The cushioning is firm enough to not make it feel like you are wearing pillows on your feet.  It’s responsive and the meta-rocker bottom helped me do a mid-foot strike and therefore increase my turnover.  The shoe is wide (particularly the BondiB), so it will work great for someone with a wider foot.  The large midsole and wide base controls overpronation but works equally well for someone with a neutral foot.


Hoka One One Kailua Trail

As for the price, it’s a little more spendy than other traditional running shoes ($170 for the BondiB and $135 for the Kailua), but it’s definitely worth the extra bucks, especially if you’re doing a lot of miles in one go.  Hoka One One was first made popular by ultra endurance runners, but it’s picking up steam in the marathon/half marathon market now.

Bottom line: I would definitely recommend this shoe for anyone looking for more cushioning or for a wider base/toe box.  I will warn you though, once you make the switch to Hoka it is incredibly difficult to go back.

For anyone in the Rochester area, next Thursday at 6pm we will be having a Hoka One One 5K (your $5 registration fee gets you a marked course, food and drink after, and the proceeds will go to a local charity).  Our Hoka rep will be here and you will get the opportunity to try out the shoes for yourself.  We will even be giving away a pair of Hokas to one lucky runner!

I went for a trail run today, wearing my new Hoka One One Kailuas (review in the works).  I took my new dog, Toby, a Golden Retriever/Corgi mix that we adopted from Paws and Claws Humane Society just about two weeks ago.  He is a great running partner, although he could use a little conditioning (not unlike myself).  He approached the narrow trail head with trepidation.  It was a single-track dirt path winding through a small suburban forest.  Toby led the way, occasionally falling behind.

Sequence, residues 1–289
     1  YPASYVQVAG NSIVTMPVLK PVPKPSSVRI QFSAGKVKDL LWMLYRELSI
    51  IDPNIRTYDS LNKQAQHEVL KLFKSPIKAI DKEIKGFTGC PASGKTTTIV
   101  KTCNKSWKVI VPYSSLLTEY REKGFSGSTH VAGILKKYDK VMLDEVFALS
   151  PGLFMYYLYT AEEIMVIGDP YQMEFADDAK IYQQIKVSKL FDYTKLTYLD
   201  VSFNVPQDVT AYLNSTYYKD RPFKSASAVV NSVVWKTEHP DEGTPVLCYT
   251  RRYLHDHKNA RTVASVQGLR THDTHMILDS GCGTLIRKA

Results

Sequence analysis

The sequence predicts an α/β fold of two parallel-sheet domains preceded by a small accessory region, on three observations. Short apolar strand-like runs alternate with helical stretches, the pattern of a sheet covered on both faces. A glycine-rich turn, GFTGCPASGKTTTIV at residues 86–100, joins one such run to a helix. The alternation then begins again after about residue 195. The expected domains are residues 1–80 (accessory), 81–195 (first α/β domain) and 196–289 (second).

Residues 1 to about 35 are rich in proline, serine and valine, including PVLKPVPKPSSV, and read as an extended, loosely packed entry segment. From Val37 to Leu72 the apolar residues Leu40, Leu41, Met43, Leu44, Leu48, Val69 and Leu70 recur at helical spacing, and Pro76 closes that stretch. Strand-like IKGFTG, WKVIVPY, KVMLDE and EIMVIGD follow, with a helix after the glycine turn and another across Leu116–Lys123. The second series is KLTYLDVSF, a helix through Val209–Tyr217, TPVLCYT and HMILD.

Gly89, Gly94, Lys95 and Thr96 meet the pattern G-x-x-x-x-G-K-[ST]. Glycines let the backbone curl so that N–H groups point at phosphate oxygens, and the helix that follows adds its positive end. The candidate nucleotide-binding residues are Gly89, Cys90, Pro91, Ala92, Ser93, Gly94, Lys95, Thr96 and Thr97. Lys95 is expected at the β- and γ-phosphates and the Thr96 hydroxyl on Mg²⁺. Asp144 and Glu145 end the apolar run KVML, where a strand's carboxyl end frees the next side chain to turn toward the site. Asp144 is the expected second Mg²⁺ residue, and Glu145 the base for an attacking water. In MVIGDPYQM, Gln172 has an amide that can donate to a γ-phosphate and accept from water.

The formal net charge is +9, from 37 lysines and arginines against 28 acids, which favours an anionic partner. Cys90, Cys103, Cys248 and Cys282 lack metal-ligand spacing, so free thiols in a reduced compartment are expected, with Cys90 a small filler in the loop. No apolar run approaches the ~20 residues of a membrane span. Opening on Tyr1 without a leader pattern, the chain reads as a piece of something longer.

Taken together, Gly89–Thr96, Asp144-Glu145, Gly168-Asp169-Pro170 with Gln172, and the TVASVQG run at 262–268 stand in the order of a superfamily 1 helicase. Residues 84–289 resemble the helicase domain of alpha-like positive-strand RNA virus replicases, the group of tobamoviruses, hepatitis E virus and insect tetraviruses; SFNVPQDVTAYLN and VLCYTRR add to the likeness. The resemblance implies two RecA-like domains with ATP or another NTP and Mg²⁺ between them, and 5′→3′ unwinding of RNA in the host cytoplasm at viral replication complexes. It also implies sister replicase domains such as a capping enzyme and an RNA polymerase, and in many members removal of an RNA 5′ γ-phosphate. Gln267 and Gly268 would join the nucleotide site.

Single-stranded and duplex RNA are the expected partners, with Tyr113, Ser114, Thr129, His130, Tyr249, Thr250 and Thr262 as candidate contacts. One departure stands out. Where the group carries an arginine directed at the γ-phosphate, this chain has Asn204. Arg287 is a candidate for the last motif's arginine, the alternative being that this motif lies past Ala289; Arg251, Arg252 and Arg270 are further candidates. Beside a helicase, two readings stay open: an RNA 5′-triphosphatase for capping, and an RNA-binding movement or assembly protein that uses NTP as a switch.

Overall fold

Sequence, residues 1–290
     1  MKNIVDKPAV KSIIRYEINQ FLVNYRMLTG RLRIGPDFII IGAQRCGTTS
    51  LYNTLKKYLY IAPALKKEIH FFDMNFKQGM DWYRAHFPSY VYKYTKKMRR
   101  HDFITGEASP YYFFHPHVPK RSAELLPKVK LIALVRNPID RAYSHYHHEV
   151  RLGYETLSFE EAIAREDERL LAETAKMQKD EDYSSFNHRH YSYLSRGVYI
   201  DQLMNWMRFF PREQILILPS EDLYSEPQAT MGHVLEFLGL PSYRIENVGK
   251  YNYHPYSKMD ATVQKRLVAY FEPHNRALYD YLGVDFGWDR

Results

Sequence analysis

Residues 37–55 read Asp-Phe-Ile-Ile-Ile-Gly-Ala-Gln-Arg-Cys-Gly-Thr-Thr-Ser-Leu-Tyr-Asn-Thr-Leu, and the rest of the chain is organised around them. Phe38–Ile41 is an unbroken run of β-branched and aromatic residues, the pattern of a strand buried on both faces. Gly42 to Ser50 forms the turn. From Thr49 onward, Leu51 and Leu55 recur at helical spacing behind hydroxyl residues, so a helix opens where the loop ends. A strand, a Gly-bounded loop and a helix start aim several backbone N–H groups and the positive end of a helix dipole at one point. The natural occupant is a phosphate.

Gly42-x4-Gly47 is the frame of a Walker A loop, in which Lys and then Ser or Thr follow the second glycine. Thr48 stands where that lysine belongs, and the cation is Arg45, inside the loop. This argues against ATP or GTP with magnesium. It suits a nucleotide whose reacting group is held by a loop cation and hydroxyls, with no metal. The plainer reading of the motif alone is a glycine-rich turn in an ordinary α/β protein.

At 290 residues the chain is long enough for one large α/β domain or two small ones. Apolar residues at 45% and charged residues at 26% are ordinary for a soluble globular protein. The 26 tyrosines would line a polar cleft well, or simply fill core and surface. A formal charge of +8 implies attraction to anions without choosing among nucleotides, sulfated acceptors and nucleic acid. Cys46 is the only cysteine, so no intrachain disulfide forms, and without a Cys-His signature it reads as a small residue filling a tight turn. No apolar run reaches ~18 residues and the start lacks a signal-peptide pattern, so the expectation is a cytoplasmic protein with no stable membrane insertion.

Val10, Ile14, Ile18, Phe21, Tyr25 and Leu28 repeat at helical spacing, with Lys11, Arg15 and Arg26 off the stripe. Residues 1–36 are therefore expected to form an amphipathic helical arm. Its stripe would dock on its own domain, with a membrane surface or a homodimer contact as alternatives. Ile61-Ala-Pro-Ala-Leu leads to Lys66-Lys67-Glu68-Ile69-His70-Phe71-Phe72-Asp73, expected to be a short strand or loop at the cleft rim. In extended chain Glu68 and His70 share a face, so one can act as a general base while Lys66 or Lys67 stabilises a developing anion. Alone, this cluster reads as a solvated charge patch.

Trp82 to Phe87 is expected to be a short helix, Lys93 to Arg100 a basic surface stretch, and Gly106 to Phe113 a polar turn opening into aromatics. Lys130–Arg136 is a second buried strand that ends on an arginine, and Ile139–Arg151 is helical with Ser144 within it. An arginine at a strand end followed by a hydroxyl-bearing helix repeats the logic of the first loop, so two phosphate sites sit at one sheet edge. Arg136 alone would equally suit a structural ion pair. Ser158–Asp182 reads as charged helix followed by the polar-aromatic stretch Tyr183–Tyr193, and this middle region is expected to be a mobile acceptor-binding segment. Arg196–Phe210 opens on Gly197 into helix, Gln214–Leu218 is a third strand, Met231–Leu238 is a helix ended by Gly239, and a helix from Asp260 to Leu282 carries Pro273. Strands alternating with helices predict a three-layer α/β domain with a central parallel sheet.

At the top of one particularly steep hill I realized that I needed to tighten my shoes.  The path was a little more harrowing than I had anticipated, and I felt like my feet were sliding around a little too much for comfort.  We stopped, Toby grateful for the break, and I bent over to untie my right shoe.  Immediately we were attacked by a pack of mosquitoes (a horde?  a gaggle?  a flock?).  Toby’s tail whisked back and forth over his hind end while he attempted to get the mosquitoes that had landed on his back with his teeth.  I’ve always been sensitive to mosquitoes and they’ve always been particularly fond of me, so this wasn’t good.  They landed on my neck, my face, behind my knees, on my arms, and in my armpits (of all places!!). A few flew directly into my mouth when I accidentally inhaled them.  The shoes were still loose, so I shook my head, blew raspberries to keep them off my face, and swatted, whilst simultaneously untying and retying my shoelaces.

When I finally got my shoes retied we headed off immediately.  And while I hadn’t noticed the mosquitoes in the woods before we stopped, now they seemed to come at me from every angle.  We hurried home as quick as we could.

When I peeled my sweaty running clothes off before getting in the shower, I counted the number of mosquito bites. Twenty-one.

Time for a chamomile bath.


This is Toby. He just can’t get enough of looking at himself in the mirror.


It’s been a while, I know.

First there was the family vacation, then the broken refrigerator, then our dog got sick and we ultimately had to euthanize him, and finally, I had a biopsy on a mole on my back (which was negative for cancer, btw).  What that ultimately meant was a couple of weeks without running much at all.

It happens.

Life gets in the way of training sometimes.  What’s important is what happens after the hiatus is over.

That’s why I love running.  You can always pick it back up.  You might not be as fast or able to run as far as you did before you took a break, but you ultimately know that given a couple of weeks and some hard work, you’ll be back to your old running self.